Tools for structured writing aren’t a new idea, of course. There are reasons why they haven’t caught on. But FedWiki reminds us that there are also reasons to hope they will.

4 Comments

  1. Jon, The following paragraph is special. I love your writing, btw. If this was in the #fedwiki, I’d fork it. So I’m going to comment here now, so I remember to do something with this later. Right now, if somebody needs something from me more complex than an emoji, then they will have to wait until tomorrow.

    If Kate had been using a conventional writing tool, it would be much harder to observe what we see here. But in FedWiki a paragraph is special. It has its own version history. Every time you open up a paragraph to change it, that change is recorded. To the extent there’s a correspondence between paragraphs and thoughts — and in prose that is often the case — FedWiki intrinsically enables the study of those thoughts in motion.

    “Thoughts in motion”–so true.

  2. Jon, these questions you are asking about the practice and purpose of writing have sat me down to think about how much we have lost in formal education where we treat writing only as the visible evidence of what has been learned. Writing becomes a particularly leaden kind of demonstration, a proof of the event of having been taught.

    This writing comes with instruction, and so many rules. Start here, write your introduction like this, link paragraphs in this way, end here. I think people find it genuinely difficult to care about writing that they make to this template. There is no grain in it, just reproducible competence.

    What if there is more to writing itself than as the servant or function of thought? And what about our capacity to value ideas that are difficult to express, but that we can share without analysis or explanatory talk?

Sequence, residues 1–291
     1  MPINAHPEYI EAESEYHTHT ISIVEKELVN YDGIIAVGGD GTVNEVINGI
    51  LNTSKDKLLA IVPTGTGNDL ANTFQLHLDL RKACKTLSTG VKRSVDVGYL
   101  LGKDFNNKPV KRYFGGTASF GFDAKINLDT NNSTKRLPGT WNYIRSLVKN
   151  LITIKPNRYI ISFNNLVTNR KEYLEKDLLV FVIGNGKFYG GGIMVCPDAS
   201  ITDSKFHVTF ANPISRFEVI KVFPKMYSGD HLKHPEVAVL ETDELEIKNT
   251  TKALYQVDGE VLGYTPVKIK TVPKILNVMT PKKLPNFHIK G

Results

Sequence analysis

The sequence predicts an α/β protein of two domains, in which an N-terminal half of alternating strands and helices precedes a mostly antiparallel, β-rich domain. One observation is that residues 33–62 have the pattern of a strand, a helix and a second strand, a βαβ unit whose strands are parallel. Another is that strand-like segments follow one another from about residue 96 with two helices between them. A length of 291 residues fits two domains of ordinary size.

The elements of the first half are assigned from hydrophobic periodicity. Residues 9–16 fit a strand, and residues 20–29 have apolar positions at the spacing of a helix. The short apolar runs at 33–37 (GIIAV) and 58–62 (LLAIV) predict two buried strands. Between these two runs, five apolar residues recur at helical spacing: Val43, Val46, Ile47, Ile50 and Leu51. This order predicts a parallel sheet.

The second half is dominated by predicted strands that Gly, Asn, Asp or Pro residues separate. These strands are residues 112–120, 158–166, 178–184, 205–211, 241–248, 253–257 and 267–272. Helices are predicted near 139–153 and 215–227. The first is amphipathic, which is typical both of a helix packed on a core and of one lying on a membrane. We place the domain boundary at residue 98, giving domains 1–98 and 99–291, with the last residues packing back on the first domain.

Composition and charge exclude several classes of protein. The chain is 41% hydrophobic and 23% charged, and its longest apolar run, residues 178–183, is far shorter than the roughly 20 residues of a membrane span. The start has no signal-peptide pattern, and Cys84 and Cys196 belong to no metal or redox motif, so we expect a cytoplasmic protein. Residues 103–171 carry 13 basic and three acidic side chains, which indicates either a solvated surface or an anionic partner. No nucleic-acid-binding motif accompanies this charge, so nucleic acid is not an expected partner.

I’ve stayed connected to Federated Wiki because I’m trying to feel my way through the experience of becoming better at using it while observing what using it does to me.

    Wikipedia quotes the idea of a happening as having a “brief, detached quality” and for me fedwiki has re-awakened this quality in the practice of composition among pieces–paragraphs, pages, ideas. I find myself arranging pieces rather than explaining much. So it’s truly useful to see and be able to think about the linearity in compositional time that’s now uncoupled from the linearity of the outcome.

    I would like to develop and teach a writing practice focused on this.

    Still thinking, still finding your writing about all this very helpful. Thank you.

  3. “And what about our capacity to value ideas that are difficult to express, but that we can share without analysis or explanatory talk?”

    Indeed. That’s why I’m so fascinated by the ability of online video to convey tacit knowledge. (For example, https://blog.jonudell.net/2013/08/26/tacit-knowledge-abundant-examples-and-deliberate-practice/.)

    If you want to learn how to play an instrument, or learn how to fix a toilet, there are lots of examples floating around on YouTube of videos that teach by transmission of tacit knowledge. The musician or the plumber may be telling you how they /think/ they are doing what they do, but when you can observe them performing it you absorb much that they only know tacitly and convey unconsciously. The feeling of the rhythm. The amount of force required to turn the wrench.

    Writing is normally a much less observable kind of performance. And I’m going to guess that you were surprised by some of the choices you made (and reversed) in the crafting of the paragraphs in the essay I highlighted. When we can watch your mind at work, doing things that you might be able to explain in retrospect but perhaps wouldn’t think to notice and describe, we absorb tacit knowledge in addition to what you explicitly know and teach.

    That’s why this way of opening a window into your tacit mind is, for me, such a revelation.

    Related: Observable Work (http://www.slideshare.net/judell/mind-heart-and-hands-lifelong-learning-and-teaching-in-the-digital-age)

  4. Yes, you’re right that I was surprised. It was a bit like being taken back through a dream. In a sense the interior journal of tacit knowledge is what’s suddenly on display here; leafing back through it is like rewinding time. I think that’s why it feels so strange.